Background: The management of cerebral venous sinus thrombosis (CVT) is a common problem facing vascular neurologists. American Heart Association/American Stroke Association guidelines suggest the use of heparin followed by vitamin K antagonists (VKAs) for anticoagulation in CVT. In recent years, the evidence base has solidified for the use of non-vitamin K antagonist oral anticoagulants (NOACs) in lower extremity deep vein thrombosis. Because data supporting their use in CVT are limited, with the strongest evidence comprising one randomized controlled trial of dabigatran, we sought to review our experience with NOACs in the treatment of CVT at a tertiary care center to address efficacy and safety. Methods: We retrospectively reviewed charts of all patients with CVT treated with an NOAC at our tertiary care facility in the years 2011–2019. We collected data on demographics, risk factors for CVT, clinical features at presentation, imaging results, anticoagulation regimen, bleeding complications, and disability at follow-up. We compared disability at follow-up and major hemorrhagic events with age-matched and sex-matched controls treated with VKAs over the same time period and with historical controls. Results: We identified 29 patients with CVT treated with an NOAC, 27 of whom had follow-up within our system. NOACs that were used for treatment included apixaban (20 patients), rivaroxaban (6 patients) and dabigatran (1 patient). NOAC use was associated with stabilization of a clot or partial recanalization in 55.6% of patients and complete recanalization in 14.8% at a median follow-up time of 6 months. The median modified Rankin Score (mRS) at follow-up was 0, with one death. Three patients (11.1%) had major bleeding complications, including two with symptomatic worsening of intracranial hemorrhage. Comparisons of 27 age-matched and sex-matched controls treated with VKAs showed no significant differences in terms of partial recanalization (55.6% vs. 63.0%, p = 0.29), complete recanalization (14.8% vs. 25.9%, p = 0.73), mRS at follow-up (median 0 vs. 0, p = 0.23), or major bleeding (11.1% vs. 11.1%, p > 0.99). Comparisons with the historical International Study on Cerebral Vein and Dural Sinus Thrombosis cohort showed similar functional outcomes: 92.6% of patients treated with NOACs and 88.9% of patients treated with VKAs at the Washington University School of Medicine in St. Louis, as well as 86.2% of patients treated with VKAs in the historical study cohort, had mRS of 0–2 at follow-up (p = 0.60). Rates of major bleeding compared with this cohort were also similar (11.1% vs. 11.1% vs. 14.5%, p = 0.80). Conclusions: The safety and efficacy results of NOAC use for CVT were similar to those for age-matched and sex-matched controls treated with VKAs, as well as historical published controls. Assessment of NOAC efficacy and safety in CVT in multicenter cohort studies and randomized controlled trials is warranted.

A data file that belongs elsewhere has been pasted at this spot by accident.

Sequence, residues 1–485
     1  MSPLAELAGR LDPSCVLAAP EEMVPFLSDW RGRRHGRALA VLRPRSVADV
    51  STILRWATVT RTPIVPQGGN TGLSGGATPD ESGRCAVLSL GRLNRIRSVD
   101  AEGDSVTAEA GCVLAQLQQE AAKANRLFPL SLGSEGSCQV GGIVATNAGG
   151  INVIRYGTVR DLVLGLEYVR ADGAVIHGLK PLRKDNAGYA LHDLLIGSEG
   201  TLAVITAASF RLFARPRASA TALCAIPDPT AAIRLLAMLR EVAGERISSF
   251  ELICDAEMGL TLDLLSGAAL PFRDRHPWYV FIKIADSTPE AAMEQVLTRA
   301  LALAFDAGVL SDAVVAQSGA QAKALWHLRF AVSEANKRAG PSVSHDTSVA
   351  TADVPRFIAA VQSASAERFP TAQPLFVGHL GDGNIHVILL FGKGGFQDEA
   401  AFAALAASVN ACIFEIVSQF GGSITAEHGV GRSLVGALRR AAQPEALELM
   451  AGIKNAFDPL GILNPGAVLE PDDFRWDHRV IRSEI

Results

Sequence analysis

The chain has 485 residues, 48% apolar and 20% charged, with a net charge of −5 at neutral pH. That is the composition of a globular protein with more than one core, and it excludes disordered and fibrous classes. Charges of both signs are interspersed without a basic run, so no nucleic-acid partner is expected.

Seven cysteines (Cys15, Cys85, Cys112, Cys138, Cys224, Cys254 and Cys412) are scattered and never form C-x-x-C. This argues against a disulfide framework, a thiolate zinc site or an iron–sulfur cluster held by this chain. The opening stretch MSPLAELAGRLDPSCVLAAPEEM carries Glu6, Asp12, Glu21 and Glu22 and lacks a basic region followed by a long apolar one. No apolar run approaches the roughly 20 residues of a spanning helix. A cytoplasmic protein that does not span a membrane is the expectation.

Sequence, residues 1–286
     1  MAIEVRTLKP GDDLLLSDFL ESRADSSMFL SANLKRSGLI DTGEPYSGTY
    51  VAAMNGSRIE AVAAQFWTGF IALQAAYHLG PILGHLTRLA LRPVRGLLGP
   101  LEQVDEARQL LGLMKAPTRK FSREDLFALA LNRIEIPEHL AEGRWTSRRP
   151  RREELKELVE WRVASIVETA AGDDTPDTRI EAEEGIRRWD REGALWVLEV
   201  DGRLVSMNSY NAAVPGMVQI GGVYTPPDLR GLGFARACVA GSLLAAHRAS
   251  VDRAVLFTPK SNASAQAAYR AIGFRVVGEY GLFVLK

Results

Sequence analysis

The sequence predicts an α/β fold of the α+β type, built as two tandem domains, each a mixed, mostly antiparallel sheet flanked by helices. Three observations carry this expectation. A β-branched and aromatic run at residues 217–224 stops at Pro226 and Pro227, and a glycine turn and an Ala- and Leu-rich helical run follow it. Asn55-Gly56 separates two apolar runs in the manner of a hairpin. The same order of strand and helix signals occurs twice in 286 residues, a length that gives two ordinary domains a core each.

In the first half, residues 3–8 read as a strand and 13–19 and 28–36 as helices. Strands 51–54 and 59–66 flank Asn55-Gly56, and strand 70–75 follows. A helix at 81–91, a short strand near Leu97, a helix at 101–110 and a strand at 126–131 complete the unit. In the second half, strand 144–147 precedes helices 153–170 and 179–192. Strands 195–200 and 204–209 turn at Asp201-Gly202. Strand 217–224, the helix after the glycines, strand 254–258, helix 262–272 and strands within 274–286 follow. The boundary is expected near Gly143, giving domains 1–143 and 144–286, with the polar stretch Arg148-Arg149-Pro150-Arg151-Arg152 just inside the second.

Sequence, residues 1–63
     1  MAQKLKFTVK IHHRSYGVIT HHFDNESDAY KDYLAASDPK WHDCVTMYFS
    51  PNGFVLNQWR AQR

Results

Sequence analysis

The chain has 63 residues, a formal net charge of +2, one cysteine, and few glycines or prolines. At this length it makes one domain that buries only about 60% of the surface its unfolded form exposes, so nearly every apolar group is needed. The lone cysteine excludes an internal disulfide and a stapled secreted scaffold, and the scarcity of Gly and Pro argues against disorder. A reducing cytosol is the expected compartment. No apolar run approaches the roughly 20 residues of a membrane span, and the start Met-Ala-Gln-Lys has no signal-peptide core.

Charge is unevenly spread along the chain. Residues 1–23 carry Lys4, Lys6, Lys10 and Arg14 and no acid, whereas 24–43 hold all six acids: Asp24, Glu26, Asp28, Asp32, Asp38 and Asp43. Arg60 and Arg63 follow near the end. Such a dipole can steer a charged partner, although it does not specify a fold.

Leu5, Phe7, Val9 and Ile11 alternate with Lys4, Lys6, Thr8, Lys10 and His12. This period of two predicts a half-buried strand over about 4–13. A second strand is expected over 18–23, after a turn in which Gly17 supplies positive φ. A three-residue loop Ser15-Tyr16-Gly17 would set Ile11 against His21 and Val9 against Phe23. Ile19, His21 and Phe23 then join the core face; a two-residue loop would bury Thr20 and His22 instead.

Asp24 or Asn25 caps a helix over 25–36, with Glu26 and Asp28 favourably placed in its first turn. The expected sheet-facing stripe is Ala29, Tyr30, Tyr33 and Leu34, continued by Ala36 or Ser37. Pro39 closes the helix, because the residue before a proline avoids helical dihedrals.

- Cerebrovascular disorders
- Factor Xa inhibitors
- Sinus thrombosis (intracranial)